Wednesday, July 25, 2012

A Day of Firsts

It's Monday but it felt great getting up today. You know the feeling where you wake up already excited for something but it takes a few minutes (or coffees) to figure out why?

It's the same feeling the morning after I got my first bike, my first car, my first kiss from girl. Something big just happened and I feel different.  In the pre-dawn fog the feeling hits you instantly and like a hangover, you start your day off with question - what the hell happened yesterday?

Usually the answer is something similar to Oh, no. Why? Were there witnesses? But not today.  I actually wanted witnesses and brought the evidence and the rare positive attitude to work today.

A couple of things happened yesterday that were firsts that we won't soon forget. 

It was little girl's first ice cream cone. 

She was annoyed with the interruption

Yes, it's just ice cream. No, it is not her first time eating ice cream.  Yes, you may have had to be there, but this is my story.

She was already excited. She can't tie her shoes yet, but she can deduce from the shiny pictures and mammoth-sized freezer, that Dairy Queen does in fact have ice cream. 

She held the cone with both hands.  Eyes wide but cautious.  When her mom's hands let go, they didn't come back. It was hers and she was on her own.

Mom didn't say it but I knew this was special to her. A moment she's quietly coveted since we started calling her mom. A first she won't soon let go.

Later that evening, dad and daughter walked the path to the pond behind the house. The new pole dad bought weeks ago finally unsheathed and in hand.  She'd seen the bigger boys fishing for things before, down by the playground. She stood close by as one reeled in a flopping, fishy-smelling catch and unleashed a jaw-dropping smile. She begged to stay as we headed home. Dad couldn't hide the smile, he's dreamt of watching her catch her first fish and knew it was time.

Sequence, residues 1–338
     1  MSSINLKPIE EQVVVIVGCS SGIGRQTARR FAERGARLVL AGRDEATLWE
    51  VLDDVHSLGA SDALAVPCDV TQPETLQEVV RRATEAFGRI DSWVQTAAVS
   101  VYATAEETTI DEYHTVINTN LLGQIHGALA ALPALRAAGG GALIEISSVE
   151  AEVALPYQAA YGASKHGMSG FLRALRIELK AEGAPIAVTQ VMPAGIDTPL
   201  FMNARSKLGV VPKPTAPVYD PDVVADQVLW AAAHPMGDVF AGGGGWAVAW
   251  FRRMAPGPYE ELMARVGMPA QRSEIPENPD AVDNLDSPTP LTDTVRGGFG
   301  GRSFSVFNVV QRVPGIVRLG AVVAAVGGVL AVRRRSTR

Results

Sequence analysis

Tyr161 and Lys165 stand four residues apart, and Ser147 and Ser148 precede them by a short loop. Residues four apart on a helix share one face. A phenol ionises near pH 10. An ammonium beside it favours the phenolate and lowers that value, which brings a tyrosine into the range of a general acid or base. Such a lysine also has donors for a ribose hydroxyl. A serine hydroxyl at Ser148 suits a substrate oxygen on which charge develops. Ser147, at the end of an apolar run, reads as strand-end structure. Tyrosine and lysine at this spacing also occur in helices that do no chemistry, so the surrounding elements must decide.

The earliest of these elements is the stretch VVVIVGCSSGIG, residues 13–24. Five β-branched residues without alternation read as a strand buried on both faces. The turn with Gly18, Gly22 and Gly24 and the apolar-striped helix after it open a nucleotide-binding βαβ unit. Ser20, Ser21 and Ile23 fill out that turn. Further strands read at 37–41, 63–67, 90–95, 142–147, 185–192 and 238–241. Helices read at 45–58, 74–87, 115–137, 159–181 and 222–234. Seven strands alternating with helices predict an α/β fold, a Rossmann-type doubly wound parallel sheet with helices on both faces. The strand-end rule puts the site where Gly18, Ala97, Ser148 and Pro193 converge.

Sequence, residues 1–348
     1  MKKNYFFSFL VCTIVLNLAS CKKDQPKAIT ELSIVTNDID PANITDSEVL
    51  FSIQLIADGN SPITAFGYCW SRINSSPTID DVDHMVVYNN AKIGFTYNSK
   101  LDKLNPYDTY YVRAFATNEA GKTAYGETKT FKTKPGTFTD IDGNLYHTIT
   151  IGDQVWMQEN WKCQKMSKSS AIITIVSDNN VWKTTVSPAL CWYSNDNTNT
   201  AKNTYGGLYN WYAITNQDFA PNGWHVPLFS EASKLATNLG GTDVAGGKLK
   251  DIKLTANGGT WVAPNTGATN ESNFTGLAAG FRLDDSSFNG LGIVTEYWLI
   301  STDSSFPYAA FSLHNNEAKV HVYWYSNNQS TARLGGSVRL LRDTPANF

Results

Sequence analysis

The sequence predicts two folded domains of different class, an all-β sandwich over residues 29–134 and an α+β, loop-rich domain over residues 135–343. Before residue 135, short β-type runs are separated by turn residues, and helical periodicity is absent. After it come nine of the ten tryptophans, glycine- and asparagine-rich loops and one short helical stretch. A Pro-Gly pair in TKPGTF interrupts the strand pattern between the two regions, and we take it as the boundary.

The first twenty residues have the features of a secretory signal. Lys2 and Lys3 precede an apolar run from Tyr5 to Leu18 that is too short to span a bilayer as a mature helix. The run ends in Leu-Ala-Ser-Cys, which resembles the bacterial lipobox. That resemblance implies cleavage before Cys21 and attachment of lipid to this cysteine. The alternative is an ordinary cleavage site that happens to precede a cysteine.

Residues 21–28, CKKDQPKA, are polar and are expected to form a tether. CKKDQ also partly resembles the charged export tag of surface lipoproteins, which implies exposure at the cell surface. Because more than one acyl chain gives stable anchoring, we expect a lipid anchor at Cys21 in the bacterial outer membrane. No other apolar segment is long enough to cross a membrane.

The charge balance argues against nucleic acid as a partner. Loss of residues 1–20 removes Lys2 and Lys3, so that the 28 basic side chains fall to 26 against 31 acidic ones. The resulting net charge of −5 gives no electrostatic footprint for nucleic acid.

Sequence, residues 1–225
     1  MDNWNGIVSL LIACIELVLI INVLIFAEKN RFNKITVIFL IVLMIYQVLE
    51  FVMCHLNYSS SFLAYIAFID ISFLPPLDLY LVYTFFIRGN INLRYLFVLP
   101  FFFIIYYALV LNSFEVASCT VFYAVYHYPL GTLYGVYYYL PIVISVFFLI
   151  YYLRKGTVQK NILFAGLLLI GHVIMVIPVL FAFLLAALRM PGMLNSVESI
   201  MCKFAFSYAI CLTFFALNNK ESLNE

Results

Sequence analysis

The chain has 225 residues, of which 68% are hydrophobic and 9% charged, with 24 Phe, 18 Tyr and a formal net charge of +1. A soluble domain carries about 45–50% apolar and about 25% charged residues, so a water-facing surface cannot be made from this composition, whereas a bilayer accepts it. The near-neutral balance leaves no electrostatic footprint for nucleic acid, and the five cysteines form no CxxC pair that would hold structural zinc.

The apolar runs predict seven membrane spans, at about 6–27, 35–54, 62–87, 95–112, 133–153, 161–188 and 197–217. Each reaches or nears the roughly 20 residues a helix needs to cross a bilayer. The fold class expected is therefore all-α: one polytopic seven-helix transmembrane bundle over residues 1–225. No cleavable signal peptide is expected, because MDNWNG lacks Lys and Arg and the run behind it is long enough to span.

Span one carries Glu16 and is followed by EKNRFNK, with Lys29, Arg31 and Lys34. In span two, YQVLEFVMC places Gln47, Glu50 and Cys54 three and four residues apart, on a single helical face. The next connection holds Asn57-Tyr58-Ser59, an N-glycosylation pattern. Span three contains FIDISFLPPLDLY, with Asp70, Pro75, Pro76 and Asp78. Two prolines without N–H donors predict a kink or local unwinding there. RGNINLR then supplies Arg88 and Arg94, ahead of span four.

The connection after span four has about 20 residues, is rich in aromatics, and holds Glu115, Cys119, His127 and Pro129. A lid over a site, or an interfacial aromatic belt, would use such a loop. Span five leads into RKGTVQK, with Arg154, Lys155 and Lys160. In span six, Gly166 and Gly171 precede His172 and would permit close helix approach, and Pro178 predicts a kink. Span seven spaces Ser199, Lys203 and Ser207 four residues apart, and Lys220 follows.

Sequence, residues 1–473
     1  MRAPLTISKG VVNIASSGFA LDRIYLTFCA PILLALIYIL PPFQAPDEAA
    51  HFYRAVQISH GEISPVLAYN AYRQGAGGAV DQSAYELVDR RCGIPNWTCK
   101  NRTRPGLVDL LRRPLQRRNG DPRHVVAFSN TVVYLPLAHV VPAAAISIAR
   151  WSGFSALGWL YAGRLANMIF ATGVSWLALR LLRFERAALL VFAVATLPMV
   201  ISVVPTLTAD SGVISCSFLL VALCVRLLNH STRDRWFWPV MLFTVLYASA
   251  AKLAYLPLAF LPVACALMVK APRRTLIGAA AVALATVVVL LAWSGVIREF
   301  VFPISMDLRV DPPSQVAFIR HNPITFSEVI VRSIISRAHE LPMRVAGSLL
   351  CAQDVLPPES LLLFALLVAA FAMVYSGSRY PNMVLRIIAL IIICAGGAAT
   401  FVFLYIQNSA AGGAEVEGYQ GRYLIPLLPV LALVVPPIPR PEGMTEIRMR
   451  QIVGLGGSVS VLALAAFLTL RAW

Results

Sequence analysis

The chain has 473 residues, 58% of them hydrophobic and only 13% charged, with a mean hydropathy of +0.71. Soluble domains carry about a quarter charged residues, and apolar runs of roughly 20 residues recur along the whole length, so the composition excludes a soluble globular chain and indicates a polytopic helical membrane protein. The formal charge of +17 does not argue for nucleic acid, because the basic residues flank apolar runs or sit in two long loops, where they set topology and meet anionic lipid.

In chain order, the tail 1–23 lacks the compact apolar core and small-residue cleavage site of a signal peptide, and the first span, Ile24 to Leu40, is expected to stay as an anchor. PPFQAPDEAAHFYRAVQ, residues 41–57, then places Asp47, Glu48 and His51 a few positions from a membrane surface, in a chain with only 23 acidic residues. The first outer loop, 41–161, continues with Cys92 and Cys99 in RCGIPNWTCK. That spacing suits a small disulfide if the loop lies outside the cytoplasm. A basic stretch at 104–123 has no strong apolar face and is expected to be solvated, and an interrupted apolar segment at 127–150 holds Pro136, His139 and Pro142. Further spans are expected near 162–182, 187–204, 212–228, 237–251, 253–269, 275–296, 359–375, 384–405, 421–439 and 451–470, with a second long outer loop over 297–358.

I told her where we were going and why. She squealed and ran for the door as toddlers do, shoes in hand. I took this as an endorsement of the plan. 

She walked hands in her pockets. Her signal that she doesn't want to hold your hand so don't even ask.  Stopping occasionally to smell flowers, pick up sticks, and other nature lessons, we arrived at quiet spot I had picked out for just this moment.

She wanted to play more with the worms at first. The writhing small things in her hand leaving more awe than shock. With the first cast, I put the rod in her hands and offered my own as support, but she didn't want them. She didn't need them.


It was over fast, almost too fast. The bobber bobbed, the line taught, we reeled. Her eyes wide as the weight of the line proved a mystery until her prize cleared the railing.

Fish daddy! Fish. I got id!

We're going to need a bigger boat.

She was beaming. I tired to get a photo of her face, but she couldn't take her eyes off her first fish.

It was a first for me too. The best one so far.

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